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African Financial Governance Outlook: Effective public financial management for sustainable development


African Financial Governance Outlook: Effective public financial management for sustainable development

African Financial Governance Outlook: Effective public financial management for sustainable development

The AfDB and ACBF have published the first African Financial Governance Outlook (AFGO), a new flagship report to enrich understanding of public financial management (PFM) and its contribution to good governance, with the ultimate aim of reducing poverty and delivering sustainable and inclusive economic growth.

It complements quantitative indicators with qualitative analysis to show trends over time and to explain the drivers of change in financial governance across AFGO pilot countries.

Covered in this outlook are 10 African countries that have participated in the African Peer Review Mechanism – Burkina Faso, Ethiopia, Ghana, Kenya, Mali, Mozambique, Rwanda, Senegal, Tanzania, and Uganda. The countries were drawn from the different regions and represent different political and administrative traditions (Anglophone, Francophone, and Lusophone) to ensure a wide range of countries.

They were analyzed using a financial governance matrix that combined five financial governance arenas of Budget Governance, Revenue Governance, Internal Controls, Public Procurement, and External Audit as well as five political governance variables of Inclusiveness, Openness, Rule Compliance, Oversight, and Capability. The quantitative results in chapter 3 show a wide variety of performances for different countries in different arenas and indicators.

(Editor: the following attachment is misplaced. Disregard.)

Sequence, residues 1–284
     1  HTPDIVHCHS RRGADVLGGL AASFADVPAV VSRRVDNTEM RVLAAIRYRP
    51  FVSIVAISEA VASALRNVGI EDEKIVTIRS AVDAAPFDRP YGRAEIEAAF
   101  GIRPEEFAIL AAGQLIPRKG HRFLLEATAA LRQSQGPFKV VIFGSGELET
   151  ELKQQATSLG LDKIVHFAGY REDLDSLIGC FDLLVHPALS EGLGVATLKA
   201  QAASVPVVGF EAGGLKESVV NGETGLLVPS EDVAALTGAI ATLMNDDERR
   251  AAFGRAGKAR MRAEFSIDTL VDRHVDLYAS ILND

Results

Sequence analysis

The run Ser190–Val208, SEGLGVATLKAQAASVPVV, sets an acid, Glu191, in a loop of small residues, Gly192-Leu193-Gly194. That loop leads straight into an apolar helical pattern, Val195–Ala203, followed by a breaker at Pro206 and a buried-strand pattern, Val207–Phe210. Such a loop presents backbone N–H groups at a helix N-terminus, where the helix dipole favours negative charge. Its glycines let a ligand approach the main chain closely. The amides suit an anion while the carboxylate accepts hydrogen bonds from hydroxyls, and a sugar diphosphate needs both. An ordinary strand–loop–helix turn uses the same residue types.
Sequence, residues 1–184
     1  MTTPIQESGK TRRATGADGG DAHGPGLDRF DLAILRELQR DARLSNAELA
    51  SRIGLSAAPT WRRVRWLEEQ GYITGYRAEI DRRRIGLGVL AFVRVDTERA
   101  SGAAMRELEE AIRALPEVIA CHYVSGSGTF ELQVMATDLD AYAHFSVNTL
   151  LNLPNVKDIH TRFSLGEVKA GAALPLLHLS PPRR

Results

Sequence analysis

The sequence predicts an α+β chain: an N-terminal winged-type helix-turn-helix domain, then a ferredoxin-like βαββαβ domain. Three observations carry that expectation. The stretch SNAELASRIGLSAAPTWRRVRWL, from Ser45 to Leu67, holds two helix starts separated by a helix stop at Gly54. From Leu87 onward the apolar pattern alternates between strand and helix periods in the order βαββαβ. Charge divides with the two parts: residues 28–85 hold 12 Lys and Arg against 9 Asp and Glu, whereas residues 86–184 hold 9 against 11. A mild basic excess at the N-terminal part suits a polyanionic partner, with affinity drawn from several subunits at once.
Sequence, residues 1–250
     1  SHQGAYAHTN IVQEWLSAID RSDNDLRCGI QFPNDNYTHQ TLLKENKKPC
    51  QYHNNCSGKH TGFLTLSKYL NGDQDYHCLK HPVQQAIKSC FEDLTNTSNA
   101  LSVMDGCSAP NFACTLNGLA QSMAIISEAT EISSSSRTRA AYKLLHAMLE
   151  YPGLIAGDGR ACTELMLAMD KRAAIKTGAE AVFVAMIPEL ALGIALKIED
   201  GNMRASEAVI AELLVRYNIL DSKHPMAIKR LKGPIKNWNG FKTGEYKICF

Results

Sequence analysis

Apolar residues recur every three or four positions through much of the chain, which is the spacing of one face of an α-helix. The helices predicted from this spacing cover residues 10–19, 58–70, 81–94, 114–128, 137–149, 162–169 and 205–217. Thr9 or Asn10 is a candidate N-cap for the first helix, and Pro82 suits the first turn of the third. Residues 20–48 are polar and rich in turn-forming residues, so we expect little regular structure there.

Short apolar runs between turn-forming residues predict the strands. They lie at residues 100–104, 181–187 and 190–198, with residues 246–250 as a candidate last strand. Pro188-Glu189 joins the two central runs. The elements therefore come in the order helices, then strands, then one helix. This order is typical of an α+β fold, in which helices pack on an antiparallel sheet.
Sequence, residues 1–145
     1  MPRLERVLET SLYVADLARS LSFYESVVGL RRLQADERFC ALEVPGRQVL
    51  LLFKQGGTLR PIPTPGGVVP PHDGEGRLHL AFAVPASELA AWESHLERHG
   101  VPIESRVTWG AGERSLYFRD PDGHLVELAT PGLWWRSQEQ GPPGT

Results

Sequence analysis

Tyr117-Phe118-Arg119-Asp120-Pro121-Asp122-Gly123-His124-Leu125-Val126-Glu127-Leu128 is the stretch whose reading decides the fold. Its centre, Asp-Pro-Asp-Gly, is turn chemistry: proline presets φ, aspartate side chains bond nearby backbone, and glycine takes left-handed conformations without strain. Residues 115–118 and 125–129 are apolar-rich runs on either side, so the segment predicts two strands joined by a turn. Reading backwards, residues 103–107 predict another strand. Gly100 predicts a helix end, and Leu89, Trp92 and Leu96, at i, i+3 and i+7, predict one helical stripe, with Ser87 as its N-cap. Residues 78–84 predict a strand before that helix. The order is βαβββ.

To explain this performance and to go beyond surface explanations, a comprehensive political economy analysis using stakeholder mapping to determine the influential actors and their role in the financial architecture was applied in chapter 1. This was supplemented by a further level of analysis that categorized stakeholders as change Facilitators or Dissenters according to their financial governance arena. The stakeholder mapping gave insights into who the major relevant stakeholders are and the reasons for their influence and interest. And categorizing them into change Facilitators and Dissenters enabled understanding where in the financial architecture they operated and whether their influence was positive or negative for good financial governance.

Also to be considered is the future direction of research for the Outlook and its expansion. A pilot exercise tested and applied the new Outlook methodology to country case studies and evaluated the results. The basic structure of the methodology has been found to be robust and to yield key insights about PFM for African countries. But it is possible to build on this model and improve its scope and depth. More detailed and more recent data will greatly improve the quantitative analysis, which already is very strong and pools almost all the primary survey data on PFM in the region. Further refining and improving the model will sharpen the quantitative analysis and provide more detailed results.

To provide a really holistic picture of financial governance and PFM issues facing African states, it will be necessary to expand AFGO coverage to include more African countries, including the larger economies, which have a significant impact on the continent's growth and development prospects. Periodic updates of the reports for countries already covered will keep the picture current.